That comes from my Native father and others in our family -- including the
always vital ancestral traditions.  And, as I note in the extensive personal
and family background narrative on our website  --
http://www.hunterbear.org/narrative.htm -- I also draw from an important and
complex Iroquois activist:

"When I was a kid, an important role model was Arthur C. Parker
[Gawasowaneh], Bear Clan, (1881 -1955), whose distinguished Seneca
(Iroquois) ancestry traced back to his great-uncle Eli Parker (Seneca,
Brigadier General in the Union Army, and aide to U.S. Grant, and first
Native American Indian Commissioner) and also directly to founders of the
Iroquois Confederacy itself.  Other equally distinguished sides of his
family went back to the earliest British settlers.

Arthur Parker was always very much a Seneca, Iroquois, Native American.  He
was a principal organizer, leader, editor of the first 20th Century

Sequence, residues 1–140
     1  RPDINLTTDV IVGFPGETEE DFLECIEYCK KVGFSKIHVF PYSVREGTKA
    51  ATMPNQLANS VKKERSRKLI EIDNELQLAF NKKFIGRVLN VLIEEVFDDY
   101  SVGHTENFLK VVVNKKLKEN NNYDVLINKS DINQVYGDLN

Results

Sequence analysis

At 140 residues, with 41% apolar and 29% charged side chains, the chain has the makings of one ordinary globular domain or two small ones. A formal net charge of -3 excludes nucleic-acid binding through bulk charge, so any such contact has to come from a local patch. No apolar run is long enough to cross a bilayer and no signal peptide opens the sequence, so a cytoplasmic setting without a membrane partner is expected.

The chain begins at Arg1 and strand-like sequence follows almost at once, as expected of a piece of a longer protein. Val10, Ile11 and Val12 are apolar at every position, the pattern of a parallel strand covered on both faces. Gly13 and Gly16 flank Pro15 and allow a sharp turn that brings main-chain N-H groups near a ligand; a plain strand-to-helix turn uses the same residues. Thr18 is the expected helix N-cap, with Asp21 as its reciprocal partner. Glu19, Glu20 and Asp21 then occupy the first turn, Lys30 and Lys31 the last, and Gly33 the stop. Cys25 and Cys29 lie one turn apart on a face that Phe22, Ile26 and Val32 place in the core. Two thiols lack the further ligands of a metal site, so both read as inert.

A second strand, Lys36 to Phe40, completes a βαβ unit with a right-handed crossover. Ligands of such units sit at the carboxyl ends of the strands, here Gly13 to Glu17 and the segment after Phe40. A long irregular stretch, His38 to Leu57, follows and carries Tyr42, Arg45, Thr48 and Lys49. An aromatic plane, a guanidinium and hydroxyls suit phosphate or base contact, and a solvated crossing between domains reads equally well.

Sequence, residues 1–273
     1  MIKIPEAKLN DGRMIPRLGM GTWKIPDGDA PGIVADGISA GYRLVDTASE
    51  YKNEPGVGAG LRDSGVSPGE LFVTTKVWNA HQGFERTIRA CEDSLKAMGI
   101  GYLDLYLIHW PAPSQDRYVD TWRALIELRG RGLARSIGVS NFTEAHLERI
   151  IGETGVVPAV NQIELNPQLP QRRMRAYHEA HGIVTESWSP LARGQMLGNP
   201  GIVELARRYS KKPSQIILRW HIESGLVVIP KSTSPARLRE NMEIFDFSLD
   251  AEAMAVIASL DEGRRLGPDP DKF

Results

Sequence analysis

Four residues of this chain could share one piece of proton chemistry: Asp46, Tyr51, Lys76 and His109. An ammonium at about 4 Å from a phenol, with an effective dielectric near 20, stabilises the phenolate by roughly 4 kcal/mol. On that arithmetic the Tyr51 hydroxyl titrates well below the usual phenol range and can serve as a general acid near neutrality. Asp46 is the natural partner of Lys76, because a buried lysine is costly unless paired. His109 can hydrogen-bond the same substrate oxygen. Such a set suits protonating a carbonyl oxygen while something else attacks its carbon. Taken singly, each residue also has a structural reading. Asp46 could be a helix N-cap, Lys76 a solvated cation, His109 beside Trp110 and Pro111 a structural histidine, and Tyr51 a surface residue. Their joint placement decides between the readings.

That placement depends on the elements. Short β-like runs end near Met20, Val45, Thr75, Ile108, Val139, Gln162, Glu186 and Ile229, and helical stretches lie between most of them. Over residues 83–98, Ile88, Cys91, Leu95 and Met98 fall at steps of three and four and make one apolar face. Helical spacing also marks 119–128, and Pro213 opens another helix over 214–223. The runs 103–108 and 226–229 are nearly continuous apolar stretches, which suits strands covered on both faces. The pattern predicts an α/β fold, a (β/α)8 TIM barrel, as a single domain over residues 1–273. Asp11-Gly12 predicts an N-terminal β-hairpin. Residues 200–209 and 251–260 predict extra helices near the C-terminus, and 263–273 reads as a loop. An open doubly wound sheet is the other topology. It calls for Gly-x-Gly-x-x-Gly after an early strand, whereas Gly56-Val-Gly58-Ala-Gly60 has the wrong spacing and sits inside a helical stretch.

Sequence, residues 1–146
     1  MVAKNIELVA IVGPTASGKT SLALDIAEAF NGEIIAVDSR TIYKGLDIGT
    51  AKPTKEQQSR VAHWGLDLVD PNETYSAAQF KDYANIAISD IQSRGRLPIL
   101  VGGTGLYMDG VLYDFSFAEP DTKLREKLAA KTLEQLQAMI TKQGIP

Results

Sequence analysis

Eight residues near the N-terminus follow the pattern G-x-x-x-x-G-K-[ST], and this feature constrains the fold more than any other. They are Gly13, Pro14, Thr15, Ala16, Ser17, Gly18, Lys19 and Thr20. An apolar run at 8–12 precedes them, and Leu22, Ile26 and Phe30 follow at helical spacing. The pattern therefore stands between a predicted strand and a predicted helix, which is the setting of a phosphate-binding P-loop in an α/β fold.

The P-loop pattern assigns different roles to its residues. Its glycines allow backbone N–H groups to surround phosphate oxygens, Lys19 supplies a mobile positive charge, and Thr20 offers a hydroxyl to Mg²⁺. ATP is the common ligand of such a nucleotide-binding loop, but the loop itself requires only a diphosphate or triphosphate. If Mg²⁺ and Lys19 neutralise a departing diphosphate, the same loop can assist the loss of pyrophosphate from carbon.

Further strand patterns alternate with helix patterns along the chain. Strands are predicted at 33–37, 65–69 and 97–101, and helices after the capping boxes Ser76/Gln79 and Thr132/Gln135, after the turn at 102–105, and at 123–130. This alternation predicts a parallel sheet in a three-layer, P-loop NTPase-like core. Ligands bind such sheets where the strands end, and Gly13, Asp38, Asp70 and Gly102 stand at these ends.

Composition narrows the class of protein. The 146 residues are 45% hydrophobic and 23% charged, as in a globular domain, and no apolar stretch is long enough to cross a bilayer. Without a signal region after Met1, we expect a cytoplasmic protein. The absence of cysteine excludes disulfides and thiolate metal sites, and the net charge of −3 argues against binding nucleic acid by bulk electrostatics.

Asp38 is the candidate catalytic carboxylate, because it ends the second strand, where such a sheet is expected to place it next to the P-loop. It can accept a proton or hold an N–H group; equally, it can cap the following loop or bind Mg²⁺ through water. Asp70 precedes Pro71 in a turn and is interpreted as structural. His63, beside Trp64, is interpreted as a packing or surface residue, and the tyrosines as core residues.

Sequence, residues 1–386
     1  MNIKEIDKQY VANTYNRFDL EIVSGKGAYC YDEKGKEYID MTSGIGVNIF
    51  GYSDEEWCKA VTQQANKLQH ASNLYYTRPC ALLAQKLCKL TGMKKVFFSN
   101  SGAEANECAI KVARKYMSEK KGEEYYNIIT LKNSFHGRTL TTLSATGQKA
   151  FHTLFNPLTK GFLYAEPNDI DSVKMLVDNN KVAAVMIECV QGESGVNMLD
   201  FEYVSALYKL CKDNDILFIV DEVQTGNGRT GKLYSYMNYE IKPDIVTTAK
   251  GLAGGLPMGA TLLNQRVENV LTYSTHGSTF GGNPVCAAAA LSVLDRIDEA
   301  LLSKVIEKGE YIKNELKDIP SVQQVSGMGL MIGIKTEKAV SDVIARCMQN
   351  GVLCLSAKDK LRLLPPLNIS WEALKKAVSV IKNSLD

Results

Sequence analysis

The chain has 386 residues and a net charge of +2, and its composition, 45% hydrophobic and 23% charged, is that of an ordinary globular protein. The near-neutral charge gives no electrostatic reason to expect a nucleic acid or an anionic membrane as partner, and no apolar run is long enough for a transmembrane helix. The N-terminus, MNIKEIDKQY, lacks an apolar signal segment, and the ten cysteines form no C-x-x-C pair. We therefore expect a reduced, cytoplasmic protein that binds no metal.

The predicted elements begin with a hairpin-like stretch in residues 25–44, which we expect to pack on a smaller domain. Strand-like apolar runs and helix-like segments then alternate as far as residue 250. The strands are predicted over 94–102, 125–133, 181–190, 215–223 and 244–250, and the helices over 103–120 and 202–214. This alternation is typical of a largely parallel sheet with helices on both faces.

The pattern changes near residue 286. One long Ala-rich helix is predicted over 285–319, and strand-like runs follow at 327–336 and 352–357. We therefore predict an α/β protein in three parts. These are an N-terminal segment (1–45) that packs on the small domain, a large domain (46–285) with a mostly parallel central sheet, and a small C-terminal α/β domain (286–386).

pan-Indian (broadly inter-tribal) Indian rights organization, the Society of
American Indians (1911  into the 1920s) and was a founder [1944] of the
still very much in existence National Congress of American Indians.  He was
state anthropologist for the State of New York and a major writer and
academic figure in Ethnology.

He was also someone who refused to let himself  be stereotyped or cast into
an iron block mold.  "I don't have to play Indian," he said "to be an
Indian."  Parker, in addition to his Native rights activities, took
positions on a wide range of national and international issues (a few of
which I would not be in agreement, despite my admiration for him.)  Like the
eminent Harvard philosopher of the late 1800s into the 1900s, William James,
Arthur Parker also studied and wrote extensively on "psychical research" --
what today is called parapsychology -- and he extensively studied the
mediumistic Fox sisters of upstate New York."

Each Native American tribal nation and culture is unique -- there are more
than 600 in what's now called the United States --  but there are a number
of key and universally held characteristics and basic values:

The commitment to a cohesive family and clan, to one's tribe [essentially
one big family], are strong as are the basic values inherent in tribal